2. Can a verifier provide other non-performance-related services to a verification client?
Yes, a verifier can provide other services not related to performance to a verification client.
Other services performed by the verifier must not result in the verifier calling his own work into
question during the verification.
Often in larger firms that provide verification services, it may prove difficult for the verification
unit to identify other services (especially highly sensitive or confidential services) provided by
other parts of the organization without input/notification from the client.
A verification firm
must disclose the known services that other units of the verification firm may be providing to the
client, and the client should then be responsible for deciding whether an “unknown” service
(unknown to the verifier) provided by the verification firm results in a conflict.
3. Can a verifier provide other performance-related services to a verification client?
A verifier should exercise extreme caution when providing other performance-related services to
a verification client, in order to avoid an independence conflict. First and foremost, a verifier
must not be responsible for any management functions or duties. While certain tasks may be
outsourced to external service providers, responsibility for the fair presentation and full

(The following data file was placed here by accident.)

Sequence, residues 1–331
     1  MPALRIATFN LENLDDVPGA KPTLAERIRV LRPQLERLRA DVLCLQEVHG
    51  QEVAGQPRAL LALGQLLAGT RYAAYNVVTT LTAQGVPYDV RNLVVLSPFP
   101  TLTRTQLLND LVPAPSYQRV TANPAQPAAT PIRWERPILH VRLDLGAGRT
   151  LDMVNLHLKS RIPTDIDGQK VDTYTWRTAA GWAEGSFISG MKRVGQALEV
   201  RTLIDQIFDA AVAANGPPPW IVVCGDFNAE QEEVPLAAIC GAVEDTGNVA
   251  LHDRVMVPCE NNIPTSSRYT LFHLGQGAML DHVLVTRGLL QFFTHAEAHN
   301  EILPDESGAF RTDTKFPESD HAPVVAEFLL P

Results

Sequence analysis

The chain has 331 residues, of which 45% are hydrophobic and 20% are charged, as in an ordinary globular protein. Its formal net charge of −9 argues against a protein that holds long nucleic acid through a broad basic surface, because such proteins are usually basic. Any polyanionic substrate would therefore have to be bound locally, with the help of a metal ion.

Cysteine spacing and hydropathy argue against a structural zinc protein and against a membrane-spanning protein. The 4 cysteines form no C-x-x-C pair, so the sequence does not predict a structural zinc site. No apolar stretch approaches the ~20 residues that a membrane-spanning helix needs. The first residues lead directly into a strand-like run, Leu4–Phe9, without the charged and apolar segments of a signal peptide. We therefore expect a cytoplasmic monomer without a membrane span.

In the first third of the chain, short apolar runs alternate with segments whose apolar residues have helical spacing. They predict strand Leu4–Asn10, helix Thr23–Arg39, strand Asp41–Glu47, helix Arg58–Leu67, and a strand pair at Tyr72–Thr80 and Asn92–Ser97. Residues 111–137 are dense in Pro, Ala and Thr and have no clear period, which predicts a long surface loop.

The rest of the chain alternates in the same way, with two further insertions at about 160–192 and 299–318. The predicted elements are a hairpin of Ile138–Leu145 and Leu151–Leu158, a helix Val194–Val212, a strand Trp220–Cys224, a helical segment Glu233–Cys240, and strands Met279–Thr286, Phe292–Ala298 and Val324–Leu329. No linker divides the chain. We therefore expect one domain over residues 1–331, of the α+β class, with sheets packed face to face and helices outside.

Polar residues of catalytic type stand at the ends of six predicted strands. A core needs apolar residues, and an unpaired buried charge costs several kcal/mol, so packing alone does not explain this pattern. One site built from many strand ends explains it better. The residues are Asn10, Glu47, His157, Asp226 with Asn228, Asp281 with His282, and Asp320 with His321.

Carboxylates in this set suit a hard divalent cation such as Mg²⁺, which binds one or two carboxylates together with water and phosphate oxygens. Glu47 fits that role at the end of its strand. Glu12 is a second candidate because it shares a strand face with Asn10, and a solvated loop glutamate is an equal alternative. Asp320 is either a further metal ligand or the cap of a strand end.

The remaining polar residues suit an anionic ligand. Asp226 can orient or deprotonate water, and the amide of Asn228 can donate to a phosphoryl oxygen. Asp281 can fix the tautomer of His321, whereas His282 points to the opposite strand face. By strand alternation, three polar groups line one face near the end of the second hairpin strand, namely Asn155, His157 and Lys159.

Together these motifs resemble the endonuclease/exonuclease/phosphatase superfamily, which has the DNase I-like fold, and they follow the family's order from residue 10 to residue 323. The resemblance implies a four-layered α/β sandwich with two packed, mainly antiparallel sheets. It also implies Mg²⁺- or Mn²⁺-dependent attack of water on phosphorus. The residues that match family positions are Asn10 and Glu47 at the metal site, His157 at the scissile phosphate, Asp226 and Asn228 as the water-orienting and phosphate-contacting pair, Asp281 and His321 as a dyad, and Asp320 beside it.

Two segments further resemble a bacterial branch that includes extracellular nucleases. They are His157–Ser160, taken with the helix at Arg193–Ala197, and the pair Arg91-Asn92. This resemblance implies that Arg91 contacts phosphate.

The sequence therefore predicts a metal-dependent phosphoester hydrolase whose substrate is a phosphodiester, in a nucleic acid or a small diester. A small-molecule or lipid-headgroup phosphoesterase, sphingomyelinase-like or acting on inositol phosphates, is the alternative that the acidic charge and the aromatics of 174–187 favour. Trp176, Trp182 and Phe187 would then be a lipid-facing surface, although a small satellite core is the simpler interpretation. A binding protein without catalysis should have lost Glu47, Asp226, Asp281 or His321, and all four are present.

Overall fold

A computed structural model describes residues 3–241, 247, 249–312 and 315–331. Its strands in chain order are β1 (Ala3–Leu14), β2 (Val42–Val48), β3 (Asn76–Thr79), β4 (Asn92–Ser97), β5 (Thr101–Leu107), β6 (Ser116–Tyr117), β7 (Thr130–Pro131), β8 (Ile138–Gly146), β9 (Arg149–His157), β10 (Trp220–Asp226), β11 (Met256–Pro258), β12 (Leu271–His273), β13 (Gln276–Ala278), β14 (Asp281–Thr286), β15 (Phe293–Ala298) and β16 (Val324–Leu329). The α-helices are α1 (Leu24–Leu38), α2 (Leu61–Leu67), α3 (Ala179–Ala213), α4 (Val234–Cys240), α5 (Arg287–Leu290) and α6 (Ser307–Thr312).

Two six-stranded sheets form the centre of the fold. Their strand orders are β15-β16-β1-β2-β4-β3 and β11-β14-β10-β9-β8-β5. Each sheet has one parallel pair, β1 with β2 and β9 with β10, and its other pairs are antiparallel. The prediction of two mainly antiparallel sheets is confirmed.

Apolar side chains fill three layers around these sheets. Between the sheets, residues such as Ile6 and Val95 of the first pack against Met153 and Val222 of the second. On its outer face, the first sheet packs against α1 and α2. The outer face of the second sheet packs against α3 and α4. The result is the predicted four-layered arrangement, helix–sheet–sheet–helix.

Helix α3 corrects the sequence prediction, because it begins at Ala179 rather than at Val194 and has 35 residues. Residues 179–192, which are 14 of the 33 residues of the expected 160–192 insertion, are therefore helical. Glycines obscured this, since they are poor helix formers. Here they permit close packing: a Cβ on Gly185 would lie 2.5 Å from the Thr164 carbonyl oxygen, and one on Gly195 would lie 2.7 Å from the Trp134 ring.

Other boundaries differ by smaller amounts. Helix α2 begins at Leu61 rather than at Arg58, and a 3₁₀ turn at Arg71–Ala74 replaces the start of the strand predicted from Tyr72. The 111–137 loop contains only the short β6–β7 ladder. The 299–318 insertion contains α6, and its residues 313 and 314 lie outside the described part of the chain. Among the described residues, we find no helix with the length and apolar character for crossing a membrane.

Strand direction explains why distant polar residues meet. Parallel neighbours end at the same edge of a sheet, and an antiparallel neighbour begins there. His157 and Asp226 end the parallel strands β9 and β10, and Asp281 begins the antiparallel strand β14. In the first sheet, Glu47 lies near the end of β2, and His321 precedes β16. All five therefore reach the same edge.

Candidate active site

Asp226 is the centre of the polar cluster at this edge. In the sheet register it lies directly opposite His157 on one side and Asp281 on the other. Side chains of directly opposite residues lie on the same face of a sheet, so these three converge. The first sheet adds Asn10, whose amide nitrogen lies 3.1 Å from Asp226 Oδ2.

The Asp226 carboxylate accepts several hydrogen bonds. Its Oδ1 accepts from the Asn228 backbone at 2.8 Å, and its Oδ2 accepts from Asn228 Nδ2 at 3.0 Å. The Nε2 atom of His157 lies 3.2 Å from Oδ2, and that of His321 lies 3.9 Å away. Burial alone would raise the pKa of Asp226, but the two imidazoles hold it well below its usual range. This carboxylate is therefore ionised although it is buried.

disclosure of the performance presentation in compliance with the GIPS standards remains with
the investment management firm.
Performance-related services that might not create an independence issue include:
Providing advice on compliance issues as they arise as long as the advice does not
include making decisions for the investment management firm.
Providing training on performance-related topics; and
Reviewing results of performance-system conversion testing;
Certain performance-related services might create an independence conflict if the verifier
performs these functions and makes decisions on behalf of management.
Examples of these
functions include:
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Assigning accounts to composites;
Collating or creating the underlying data required to calculate account-level returns;
Calculating account-level returns;
Calculating composite-level returns;
Preparing compliant presentations;
Establishing policies and procedures; and
Functioning as a data warehouse for the performance data on behalf of the investment
management firm.
The verifier can maintain data duplicate for its own purposes but this
data must not serve as the investment management firm's primary data source.
4. Are there other issues a verifier should consider when determining their status with
regard to independence?
Other issues that are not directly related to verification services might impact a verifier’s
independence.
A verifier should consider their personal and financial relationships with their
clients and consider whether they are, in fact, independent or could be influenced by such
relationships.
Disclosure of a personal or financial relationship does not “cure” this type of
independence conflict.
Applications:
1.
How much time and effort must I exhaust in order to make sure that my firm does not
have other relationships with my verification client?
Both the verifier and the verification client need to expend such time as is reasonable for
them to, independently and jointly, satisfy themselves that none of the known relationships
between the two organizations will impair the independence of the verifier.
This is a
continuing joint obligation and does not just apply on the first appointment of the verifier.